Award recognizes excellence in sustainability initiatives in new Clark Center building

For Immediate Release
May 9, 2016
Williamstown, Massachusetts—The United States Green Building Council recently presented its prestigious Leadership in Energy and Environmental Design (LEED) Gold certification to the Clark Art Institute’s new Clark Center, recognizing achievement in sustainability initiatives incorporated into all aspects of the building’s design and construction.
The Clark Center and its underground physical plant building were completed in 2014 as part of a campus expansion program that integrated construction of the new facilities with a sweeping redesign of the landscape. The building was designed by Tadao Ando Architects, Osaka, Japan.  Gensler, New York, was the project’s executive architect as well as the sustainability consultant, and Reed Hilderbrand, Cambridge, Massachusetts, was the landscape architect.
“The Clark’s commitment to protecting our campus land and to contributing to the preservation of our site in the Berkshires was one of the driving principles in the formulation of this project,” said Anthony G. King, deputy director of the Clark. “We are delighted to receive this recognition of the important environmental measures that were central to these efforts and deeply appreciative of the work of the project team who shared our goals and whose accomplishments are honored through the LEED gold certification.”
LEED is an internationally recognized green building program that provides a framework for identifying and implementing practical and measurable green building design, construction, operations, and maintenance solutions. LEED certification recognizes commitment to sustainability through the implementation of environmentally sound design elements. A building can earn credits toward LEED certification through performance in five key areas of human and environmental health: sustainable sites, water savings, energy and atmosphere, materials and resources, indoor environmental quality, and innovation and design process.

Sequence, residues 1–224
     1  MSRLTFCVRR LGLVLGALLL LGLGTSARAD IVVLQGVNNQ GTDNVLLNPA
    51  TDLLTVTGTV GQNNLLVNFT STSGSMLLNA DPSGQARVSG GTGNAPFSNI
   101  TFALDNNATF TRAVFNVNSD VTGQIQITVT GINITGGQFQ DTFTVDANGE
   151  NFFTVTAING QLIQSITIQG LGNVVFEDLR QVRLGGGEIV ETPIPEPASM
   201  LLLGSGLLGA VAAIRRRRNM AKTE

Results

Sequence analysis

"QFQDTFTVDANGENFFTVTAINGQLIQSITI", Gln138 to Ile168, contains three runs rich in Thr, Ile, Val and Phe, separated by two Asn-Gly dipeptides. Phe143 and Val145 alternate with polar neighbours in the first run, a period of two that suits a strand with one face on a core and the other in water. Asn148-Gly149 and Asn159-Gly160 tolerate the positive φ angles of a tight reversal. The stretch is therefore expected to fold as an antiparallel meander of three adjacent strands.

“The Clark Art Institute is paving the way as a forward-thinking museum: a steward of both art and the environment,” said Ben Koenig, senior associate at Gensler, who project-managed the sustainability program at the Clark. “We started with a 140-acre campus that is mainly wetlands with expansive meadows, an existing pond, and walking trails, and then planned to add the reflecting pool that was central to Mr. Ando’s concept for the site. We knew that water reduction would be a huge challenge. We turned the challenge inside-out and created a site-wide, sustainable, integrated water system that acts as a renewable resource and were able to save one million gallons of water annually—a twenty-five percent savings from the pre-expansion usage.”
As conceived by Tadao Ando in collaboration with Reed Hilderbrand, the new reflecting pool is a central, unifying element of the campus and is also the centerpiece of the water management system that was a key component in achieving the LEED Gold certification.
“The Clark’s emphasis on finding art in nature never ceased to reverberate with us,” said Beka Sturges, Reed Hilderbrand associate principal. “We asked, ‘How can we transform this place and make it more powerfully recognizable?’ The lily pond that you see through the gallery windows and the wetlands lacing through the woods and meadows are equally as beautiful as the works in the galleries and are also twenty-first-century working landscapes. The new reflecting pool is only the most visible feature of this novel hydrology. By harvesting water on-site and integrating the building and landscape systems, we engineered continuous and recharging systems to reconcile human needs and natural systems. Irrigation, plumbing, heating/cooling, drainage—all are interdependent.”